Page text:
A new study finds that Texas is among the national leaders in “economic dynamism.” That’s a technical term: it means businesses starting and closing, workers changing firms or moving to new opportunities. According to the Economic Innovation Group, a think tank and advocacy group in Washington, D.C., dynamism is a more illuminating measure of economic health than typical metrics like the unemployment rate.
In EIG’s new study, the Index of State Dynamism, Texas boasts the sixth most dynamic economy in the country. Most of the nation remains stagnant. The Great Recession may have ended in 2009, but the recovery has been snail-like, and the nation has never returned to pre-recession levels of economic activity. Only a few states—including Nevada, Utah, Florida, Colorado, North Dakota, and our Texas—show some bright spots.
As a research and policy shop, EIG’s focus is not just the business economy in general, but also inequality. (They also authored the Distressed Communities Index.) True to form, their new study contains insights for addressing poverty and inequality, namely that a big part of the answer to those challenges is an economy with more dynamism.
Much of the U.S. economy consists of big, old businesses that are innovating too little, employing too few workers, paying them too little, and all in all, providing few chances for workers to find new opportunities. The most operative word in that last sentence is “old”—EIG’s report shows that “the rate of new business starts has declined dramatically,” so our nation’s overall economy depends heavily on businesses that are aging. Old businesses are not a reliable jobs crutch, says Steve Glickman, EIG’s co-founder and executive director.
“You want a young economy,” Glickman said. “Older companies tend to invest less, they tend to innovate less, they tend to pay lower wages. In a healthy economy, you want businesses to close and open. This is a sign of the competitiveness of your local economy.”
Not many areas of the country can claim a lot of new business activity, but Texas can—including San Antonio—noted Glickman.
“San Antonio is becoming a top metro for startup activity,” he said, citing recent studies by the Kaufmann Foundation that rank this city among the most entrepreneurial. Last year, over 16,000 businesses were registered in Bexar County, the highest total since 2010, according to figures provided by the county clerk.
Rich in activity, poor in equality
But the news on San Antonio is mixed. Here, we have robust business activity alongside deep inequality.
“Typically you are pretty prosperous if you have this positive economic activity,” said Glickman. “But San Antonio has this stark divide. All this economic activity that’s happening . . . is not seeping into enough of the city. San Antonio does the worst job of that than just about any other place.”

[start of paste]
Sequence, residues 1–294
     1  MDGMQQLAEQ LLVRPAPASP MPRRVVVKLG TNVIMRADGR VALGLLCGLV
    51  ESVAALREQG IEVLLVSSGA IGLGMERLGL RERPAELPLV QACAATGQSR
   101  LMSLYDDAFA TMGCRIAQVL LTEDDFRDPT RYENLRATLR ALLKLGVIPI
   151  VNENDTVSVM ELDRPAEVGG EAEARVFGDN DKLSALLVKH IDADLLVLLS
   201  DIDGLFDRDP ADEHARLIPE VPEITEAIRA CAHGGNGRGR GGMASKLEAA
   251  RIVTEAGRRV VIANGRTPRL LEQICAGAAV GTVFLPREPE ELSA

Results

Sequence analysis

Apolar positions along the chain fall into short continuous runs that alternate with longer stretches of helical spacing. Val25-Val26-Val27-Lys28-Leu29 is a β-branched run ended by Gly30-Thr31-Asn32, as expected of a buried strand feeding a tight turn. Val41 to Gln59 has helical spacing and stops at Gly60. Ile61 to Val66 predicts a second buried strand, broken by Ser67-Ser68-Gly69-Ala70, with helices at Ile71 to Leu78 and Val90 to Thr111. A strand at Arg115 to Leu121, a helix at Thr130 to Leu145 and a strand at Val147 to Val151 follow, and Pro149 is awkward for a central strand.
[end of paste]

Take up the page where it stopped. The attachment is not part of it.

San Antonio’s challenge on this front is its historically distressed areas of town—communities that were marginalized in their original forming and that have in many ways remained underserved and under-supported, with struggling schools, distressed housing, poor health care and stagnant businesses.
But Glickman sees reasons to think San Antonio can overcome its inequality crisis.
“One of the reasons Texas performs so strong on these measures,” he said, “is that they are able to attract people who tend to be disproportionately entrepreneurial”—that is, immigrants and young people. Immigrants make up 30-50 percent of new businesses, Glickman notes, and any local economy that can attract young people and immigrants “has a lot of the tools to be successful.”
Glickman also points to the Investing in Opportunity Act, a federal bill re-introduced in February by Sens. Cory Booker (D-New Jersey) and Tim Scott (R-South Carolina) and Congressmen Pat Tiberi (R-Ohio) and Ron Kind (D-Wisconsin). The bill encourages capital investment in “opportunity zones”—low-income communities in need of homegrown job growth.
That bill—along with more familiar solutions like stronger workforce training and equal access to quality education throughout the city—may be one piece of the overall puzzle of more economic dynamism in San Antonio—not just for already-thriving communities, but for all of the city.
This article was originally published by the H.E. Butt Foundation’s Folo Media initiative.